Controls on Hydrocarbon
Entrapment and Reservoir Distribution:
The Pennsylvanian Oswego Limestone and Big Lime Limestone in the Putnam Field Area, Anadarko Basin, Oklahoma*
James R. Geary1
Search and Discovery Article #20046 (2008)
Posted March 27, 2008
*Adapted from presentation to the Houston Geological Society, North American Dinner Meeting, February 25, 2008
1Hess Corporation, Houston, TX ( [email protected] )
Putnam Field, located along the northern margin of the Anadarko Basin and extending through Custer and Dewey counties in western Oklahoma, USA, has produced over 400 BCF and 13 MMBO from the Pennsylvanian (Desmoinesian) Oswego Limestone and Big Lime. Hydrocarbons are stratigraphically trapped within phylloid algal mound complexes that are isolated within shallowing-upward parasequence sets; mound complexes generally trend west-east across the study area parallel to the northern structural margin of the Anadarko Basin. Reservoir quality within phylloid algal mounds is controlled by variations in the abundance of moldic, vuggy, and fracture pore types (average porosity = 2%, median permeability = 0.2 md). Eleven parasequence sets occur within the study interval and from the section base to top stack progradationally within the Oswego Limestone, and aggradationally to retrogradationally within the overlying Big Lime. The change from progradational to retrogradational stacking of parasequence sets most likely reflects an accelerating rate of subsidence during deposition that was induced by thrust-loading along the Ouachita foldbelt. Furthermore, retrogradational stacking within the Big Lime suggests that undiscovered hydrocarbon reserves may exist updip (northward) of the Putnam Trend in slightly younger deposits.
Detailed maps of structure, facies, gross pay, and pore volume were generated for each parasequence set, and compared with the spatial distribution of producing wells and their associated drainage radii. From these attributes, a geologic risk assessment was completed across the Putnam Trend to determine the most prospective areas for future step-out development.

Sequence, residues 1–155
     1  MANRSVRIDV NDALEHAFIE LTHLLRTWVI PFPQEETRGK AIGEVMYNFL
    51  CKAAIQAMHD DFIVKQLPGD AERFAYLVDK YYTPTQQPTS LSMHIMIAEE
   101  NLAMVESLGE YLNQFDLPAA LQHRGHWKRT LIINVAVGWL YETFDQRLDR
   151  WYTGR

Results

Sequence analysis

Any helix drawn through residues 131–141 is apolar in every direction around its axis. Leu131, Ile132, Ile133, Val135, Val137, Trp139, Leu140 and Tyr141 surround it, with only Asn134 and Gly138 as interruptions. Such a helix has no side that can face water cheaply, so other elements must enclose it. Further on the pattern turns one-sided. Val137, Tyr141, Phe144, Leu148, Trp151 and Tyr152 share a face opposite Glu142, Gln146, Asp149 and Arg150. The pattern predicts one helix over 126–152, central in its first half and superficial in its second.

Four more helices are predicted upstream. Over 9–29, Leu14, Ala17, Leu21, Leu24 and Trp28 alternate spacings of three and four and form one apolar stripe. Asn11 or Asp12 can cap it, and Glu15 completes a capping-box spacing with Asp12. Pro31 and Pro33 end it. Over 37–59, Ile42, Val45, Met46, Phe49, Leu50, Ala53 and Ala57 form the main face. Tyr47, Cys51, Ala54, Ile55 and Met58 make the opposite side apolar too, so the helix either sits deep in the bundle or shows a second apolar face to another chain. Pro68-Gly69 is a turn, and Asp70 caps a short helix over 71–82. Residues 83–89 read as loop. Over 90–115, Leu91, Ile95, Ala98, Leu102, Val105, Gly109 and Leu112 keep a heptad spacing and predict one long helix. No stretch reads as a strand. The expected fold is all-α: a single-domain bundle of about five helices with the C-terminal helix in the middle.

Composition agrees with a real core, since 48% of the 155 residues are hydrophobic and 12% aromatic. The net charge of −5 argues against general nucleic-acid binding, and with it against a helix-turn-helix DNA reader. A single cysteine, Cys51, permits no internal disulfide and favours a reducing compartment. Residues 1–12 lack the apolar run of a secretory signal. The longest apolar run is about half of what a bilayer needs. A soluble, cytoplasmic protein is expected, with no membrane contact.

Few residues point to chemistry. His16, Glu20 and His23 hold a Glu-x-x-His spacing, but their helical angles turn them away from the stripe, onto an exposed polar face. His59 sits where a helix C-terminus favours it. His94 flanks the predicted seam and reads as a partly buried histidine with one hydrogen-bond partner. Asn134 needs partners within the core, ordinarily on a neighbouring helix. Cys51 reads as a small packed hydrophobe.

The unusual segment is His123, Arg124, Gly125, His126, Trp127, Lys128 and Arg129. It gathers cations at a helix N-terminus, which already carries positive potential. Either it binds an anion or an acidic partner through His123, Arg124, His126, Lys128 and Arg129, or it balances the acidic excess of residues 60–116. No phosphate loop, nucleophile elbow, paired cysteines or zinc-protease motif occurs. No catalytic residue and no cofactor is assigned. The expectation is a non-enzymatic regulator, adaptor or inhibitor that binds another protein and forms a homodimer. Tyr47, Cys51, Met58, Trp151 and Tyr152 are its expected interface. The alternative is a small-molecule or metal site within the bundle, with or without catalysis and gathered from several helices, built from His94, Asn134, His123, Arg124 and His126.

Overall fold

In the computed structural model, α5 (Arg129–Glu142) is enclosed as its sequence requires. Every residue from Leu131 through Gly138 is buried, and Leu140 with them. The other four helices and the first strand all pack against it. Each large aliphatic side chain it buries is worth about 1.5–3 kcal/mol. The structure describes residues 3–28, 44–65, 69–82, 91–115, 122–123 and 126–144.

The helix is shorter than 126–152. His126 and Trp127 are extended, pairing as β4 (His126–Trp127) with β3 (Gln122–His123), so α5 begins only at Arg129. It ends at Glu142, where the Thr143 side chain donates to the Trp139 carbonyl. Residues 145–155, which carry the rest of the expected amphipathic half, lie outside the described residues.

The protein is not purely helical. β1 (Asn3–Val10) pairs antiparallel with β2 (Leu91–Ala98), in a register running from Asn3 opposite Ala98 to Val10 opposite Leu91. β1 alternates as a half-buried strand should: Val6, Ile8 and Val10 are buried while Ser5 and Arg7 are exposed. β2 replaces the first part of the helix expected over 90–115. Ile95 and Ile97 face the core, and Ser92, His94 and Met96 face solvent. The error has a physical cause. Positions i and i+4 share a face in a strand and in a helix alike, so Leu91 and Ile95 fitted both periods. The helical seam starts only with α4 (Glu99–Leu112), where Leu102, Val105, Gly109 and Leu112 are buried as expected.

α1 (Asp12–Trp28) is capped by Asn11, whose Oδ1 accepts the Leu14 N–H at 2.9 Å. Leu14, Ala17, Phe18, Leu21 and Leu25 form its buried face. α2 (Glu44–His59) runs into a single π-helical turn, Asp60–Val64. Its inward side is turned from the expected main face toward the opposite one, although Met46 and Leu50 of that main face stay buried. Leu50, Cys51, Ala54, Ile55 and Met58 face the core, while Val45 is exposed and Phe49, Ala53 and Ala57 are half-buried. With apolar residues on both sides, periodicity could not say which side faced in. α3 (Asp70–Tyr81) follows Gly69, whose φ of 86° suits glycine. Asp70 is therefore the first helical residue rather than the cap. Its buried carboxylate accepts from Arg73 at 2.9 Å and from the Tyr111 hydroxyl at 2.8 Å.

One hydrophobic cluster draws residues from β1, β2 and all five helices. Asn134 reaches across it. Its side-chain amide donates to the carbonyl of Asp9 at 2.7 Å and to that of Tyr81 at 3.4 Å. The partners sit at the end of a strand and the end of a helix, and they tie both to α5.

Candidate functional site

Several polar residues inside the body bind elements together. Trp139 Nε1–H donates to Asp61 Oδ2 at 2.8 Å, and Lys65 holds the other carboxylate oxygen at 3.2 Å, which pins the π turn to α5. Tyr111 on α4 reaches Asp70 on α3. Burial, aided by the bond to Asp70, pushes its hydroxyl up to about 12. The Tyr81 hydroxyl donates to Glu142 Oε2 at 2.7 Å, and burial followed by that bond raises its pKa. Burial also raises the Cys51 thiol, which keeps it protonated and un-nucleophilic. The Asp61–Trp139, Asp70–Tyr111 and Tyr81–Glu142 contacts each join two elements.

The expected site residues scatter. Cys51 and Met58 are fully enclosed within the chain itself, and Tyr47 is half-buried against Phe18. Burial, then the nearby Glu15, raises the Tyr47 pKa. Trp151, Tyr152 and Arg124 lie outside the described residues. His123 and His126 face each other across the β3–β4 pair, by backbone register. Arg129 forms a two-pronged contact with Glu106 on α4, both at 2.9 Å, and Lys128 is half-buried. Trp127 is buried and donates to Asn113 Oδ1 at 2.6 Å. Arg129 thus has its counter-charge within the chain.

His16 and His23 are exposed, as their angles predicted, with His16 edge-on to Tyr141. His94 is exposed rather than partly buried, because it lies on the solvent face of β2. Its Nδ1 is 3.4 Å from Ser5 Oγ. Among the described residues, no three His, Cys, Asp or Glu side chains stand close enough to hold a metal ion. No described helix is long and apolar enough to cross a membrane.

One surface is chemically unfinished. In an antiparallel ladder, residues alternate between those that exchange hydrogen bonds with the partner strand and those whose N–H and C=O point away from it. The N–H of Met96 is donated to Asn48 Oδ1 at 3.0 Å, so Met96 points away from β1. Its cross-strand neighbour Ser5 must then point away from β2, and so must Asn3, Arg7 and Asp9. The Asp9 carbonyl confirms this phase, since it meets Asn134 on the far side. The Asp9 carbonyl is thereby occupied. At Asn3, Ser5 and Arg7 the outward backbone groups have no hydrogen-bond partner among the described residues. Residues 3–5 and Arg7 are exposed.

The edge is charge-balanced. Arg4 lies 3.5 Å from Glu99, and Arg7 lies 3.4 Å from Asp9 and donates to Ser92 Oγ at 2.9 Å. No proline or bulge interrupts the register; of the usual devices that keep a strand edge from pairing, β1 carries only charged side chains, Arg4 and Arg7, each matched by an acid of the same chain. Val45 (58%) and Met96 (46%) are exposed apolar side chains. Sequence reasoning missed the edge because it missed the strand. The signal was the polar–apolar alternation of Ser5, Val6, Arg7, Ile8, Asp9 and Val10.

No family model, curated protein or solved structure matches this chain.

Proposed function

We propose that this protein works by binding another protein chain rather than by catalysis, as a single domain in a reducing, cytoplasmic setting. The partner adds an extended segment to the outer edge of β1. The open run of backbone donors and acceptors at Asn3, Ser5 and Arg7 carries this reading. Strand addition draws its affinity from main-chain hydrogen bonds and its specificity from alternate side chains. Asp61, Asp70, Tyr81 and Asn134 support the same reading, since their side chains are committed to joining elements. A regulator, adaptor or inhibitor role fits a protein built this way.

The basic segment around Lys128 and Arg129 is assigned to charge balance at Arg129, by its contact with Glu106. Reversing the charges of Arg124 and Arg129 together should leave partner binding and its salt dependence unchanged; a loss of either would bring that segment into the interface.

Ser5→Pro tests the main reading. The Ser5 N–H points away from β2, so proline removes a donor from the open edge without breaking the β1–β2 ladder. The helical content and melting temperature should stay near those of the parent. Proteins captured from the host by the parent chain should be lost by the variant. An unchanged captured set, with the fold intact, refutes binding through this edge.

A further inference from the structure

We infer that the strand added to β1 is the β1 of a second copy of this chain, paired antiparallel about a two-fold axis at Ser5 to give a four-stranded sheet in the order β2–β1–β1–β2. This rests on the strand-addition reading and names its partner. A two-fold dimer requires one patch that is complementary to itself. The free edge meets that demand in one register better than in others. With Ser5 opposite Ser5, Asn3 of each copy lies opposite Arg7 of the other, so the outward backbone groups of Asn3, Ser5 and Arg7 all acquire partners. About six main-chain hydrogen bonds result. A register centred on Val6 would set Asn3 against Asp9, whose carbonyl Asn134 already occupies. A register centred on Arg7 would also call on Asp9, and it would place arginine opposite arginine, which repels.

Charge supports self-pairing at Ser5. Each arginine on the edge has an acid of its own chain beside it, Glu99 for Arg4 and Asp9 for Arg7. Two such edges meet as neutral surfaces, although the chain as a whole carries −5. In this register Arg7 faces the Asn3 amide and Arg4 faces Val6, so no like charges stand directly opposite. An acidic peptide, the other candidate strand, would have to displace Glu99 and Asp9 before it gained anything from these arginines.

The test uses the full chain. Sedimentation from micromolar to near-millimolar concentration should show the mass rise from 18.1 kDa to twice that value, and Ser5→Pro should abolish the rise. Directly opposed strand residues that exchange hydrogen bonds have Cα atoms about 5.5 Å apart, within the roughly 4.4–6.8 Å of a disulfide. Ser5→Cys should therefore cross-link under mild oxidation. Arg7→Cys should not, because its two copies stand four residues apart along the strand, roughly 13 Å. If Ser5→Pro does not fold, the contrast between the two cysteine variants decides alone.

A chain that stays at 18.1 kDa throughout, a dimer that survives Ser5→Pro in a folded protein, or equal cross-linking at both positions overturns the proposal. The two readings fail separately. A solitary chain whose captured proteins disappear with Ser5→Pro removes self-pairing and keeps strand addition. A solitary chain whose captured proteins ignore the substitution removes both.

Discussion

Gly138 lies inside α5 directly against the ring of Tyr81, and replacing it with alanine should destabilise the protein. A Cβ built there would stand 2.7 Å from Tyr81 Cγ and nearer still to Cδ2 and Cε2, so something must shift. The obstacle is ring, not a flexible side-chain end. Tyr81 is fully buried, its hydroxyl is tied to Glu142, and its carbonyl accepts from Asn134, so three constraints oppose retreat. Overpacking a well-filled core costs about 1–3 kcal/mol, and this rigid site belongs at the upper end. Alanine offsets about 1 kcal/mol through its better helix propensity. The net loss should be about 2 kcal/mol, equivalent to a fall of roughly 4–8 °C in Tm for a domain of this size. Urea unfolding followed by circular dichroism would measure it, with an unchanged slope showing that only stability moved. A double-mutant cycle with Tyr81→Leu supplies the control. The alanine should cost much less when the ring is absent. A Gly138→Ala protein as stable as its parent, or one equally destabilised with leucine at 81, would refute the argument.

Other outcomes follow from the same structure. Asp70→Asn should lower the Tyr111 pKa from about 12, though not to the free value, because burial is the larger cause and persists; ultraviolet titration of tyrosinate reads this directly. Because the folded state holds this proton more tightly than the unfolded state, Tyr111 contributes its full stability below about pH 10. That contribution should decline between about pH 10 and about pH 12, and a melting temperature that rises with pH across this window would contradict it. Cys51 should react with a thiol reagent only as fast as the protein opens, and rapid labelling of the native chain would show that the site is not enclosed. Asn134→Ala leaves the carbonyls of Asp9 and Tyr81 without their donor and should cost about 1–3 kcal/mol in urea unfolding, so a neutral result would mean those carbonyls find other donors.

· Twelve depositional facies were recognized.
· Accumulated within basinal and platform interior environments (subtidal, intertidal and mound). Reservoir quality is preferentially associated within algal mound facies.
· Facies were partitioned within eleven parasequence sets. Parasequence set stacking controls the spatial distribution of reservoir facies and hydrocarbon distribution.
Derstine, T.P., 1989, Sequence stratigraphy of the upper Desmoinesian Oswego Limestone along the northern hinge line of the Anadarko Basin, west-central Oklahoma: Southern Methodist University M.S. Thesis; also in Kenneth S. Johnson (ed.), Anadarko Basin Symposium: Oklahoma Geological Survey, Norman, Circular 90, p. 233-235.
Johnson, K. S., 1989, Geologic evolution of the Anadarko Basin, in Kenneth S. Johnson (ed.), Anadarko Basin Symposium: Oklahoma Geological Survey, Norman, Circular 90, p. 3-12.
Michlik, D.M., 1984, Petrographic and mapping study of the subsurface “Oswego” Limestone in part of the Putnam Trend, T 15-16 N, R 15-17 W, Dewey and Custer counties, Oklahoma, in Hyne, N.J. (ed.), Limestones of the Mid-Continent: Tulsa Geological Society Special Publication 2, p. 327-346.